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10. You do not have to do every subject every single day.
You read that right! You may feel like you need to fit each and every subject into your daily school schedule, but you don’t! Split up the course load. Maybe choose just a couple of days a week to do science and history. Even a subject like math can be done just a few days a week.
If you are accustomed to more traditional schooling that does each subject each day, consider tip number 11…
11. Your homeschool does not need to replicate a public or traditional school.
You have the freedom to schedule and organize your homeschool in the way that best serves your family. You do not need to fit every subject into every day, and you do not have to follow the model of a public school schedule.
As long as you are meeting the legal requirements of your area, you can shape your homeschool in a way that best reflects your values and priorities as a family.
If you find that your homeschool day is still feeling overwhelming or that you have tried to fit in too much, consider tip number 12…
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12. Let go of anything that isn’t serving your family.
Just because you start a curriculum does not mean you have to continue using it if it isn’t serving your homeschool well.
Naturally, there will be some subjects your children enjoy more than others, but if you’re finding that a curriculum is not quite jiving with your family or is teaching in a style that your children are not responding to, do not feel obligated to “power through” for the curriculum’s sake.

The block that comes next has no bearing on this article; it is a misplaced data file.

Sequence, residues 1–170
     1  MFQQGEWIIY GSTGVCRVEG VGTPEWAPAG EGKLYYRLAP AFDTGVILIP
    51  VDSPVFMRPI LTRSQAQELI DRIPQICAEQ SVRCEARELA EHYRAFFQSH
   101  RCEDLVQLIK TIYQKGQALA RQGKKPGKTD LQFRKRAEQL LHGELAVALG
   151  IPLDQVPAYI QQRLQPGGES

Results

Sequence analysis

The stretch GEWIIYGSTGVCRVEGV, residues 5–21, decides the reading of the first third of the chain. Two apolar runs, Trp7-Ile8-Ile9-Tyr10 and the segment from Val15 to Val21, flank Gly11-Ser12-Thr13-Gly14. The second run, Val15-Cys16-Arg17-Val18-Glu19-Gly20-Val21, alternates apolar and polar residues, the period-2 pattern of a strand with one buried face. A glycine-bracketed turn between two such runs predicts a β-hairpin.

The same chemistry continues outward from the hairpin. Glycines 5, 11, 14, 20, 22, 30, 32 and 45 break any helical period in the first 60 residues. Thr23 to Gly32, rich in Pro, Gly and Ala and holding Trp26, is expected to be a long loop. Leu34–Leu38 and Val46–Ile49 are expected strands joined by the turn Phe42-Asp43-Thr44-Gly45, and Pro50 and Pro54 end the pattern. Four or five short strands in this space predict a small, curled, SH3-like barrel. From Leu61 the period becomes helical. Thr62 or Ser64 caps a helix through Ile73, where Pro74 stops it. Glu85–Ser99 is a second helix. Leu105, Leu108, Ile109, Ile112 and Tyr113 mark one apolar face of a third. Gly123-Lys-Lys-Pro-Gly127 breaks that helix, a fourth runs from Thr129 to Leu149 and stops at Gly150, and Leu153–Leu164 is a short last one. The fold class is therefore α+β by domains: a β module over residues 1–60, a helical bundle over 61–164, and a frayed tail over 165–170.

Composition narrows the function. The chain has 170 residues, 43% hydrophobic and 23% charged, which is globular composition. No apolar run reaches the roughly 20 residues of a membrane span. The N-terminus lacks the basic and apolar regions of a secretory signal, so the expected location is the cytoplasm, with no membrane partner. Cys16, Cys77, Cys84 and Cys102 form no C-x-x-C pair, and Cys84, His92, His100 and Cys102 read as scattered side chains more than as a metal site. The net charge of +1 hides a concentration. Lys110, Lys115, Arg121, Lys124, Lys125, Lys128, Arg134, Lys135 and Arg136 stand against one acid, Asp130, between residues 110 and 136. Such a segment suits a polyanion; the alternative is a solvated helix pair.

Your children are precious, and your homeschool time is valuable – more valuable than any curriculum out there. Switch gears if you need to. Sometimes that means setting something aside permanently because it is not working well for your family, and sometimes that means setting something aside for a season. If your days are feeling stressful, maybe you really enjoy all of the curriculum you are using but you need to let go of something in order to create margin.
So much of learning what works for your family is learned in the doing, not in the conceptual thinking about it and scheduling, so be sensitive to when you need to scale back, move through something more slowly than the curriculum schedules it, or make a shift to something new.
13. Outsource when necessary or helpful.
Just because we choose to homeschool does not mean that we can not take advantage of outside resources that can aid in our children’s education. Maybe that means using an online math program for math instruction, or perhaps you utilize classes at a co-op or home education center for certain subjects.
Choosing to homeschool does not mean that we can not or should not utilize outside resources to aid us on our home education journeys. Outsourcing can create unique opportunities for our children that we may not be able to replicate at home, such as signing your child up for a choir or band class.
It can also help our students learn subjects that we may not feel confident in teaching, as well as relieve stress as we reduce our own work loads as our children’s primary educators. Choosing to homeschool does not mean we have to choose to do so alone.
14. Realize that you do not need to follow the traditional schooling schedule.
We already learned in point 11 that, as homeschoolers, we do not need to follow the public schooling model for how we lay out our subjects, but our calendar year and daily and weekly schedules also do not need to mimic the traditional schooling model.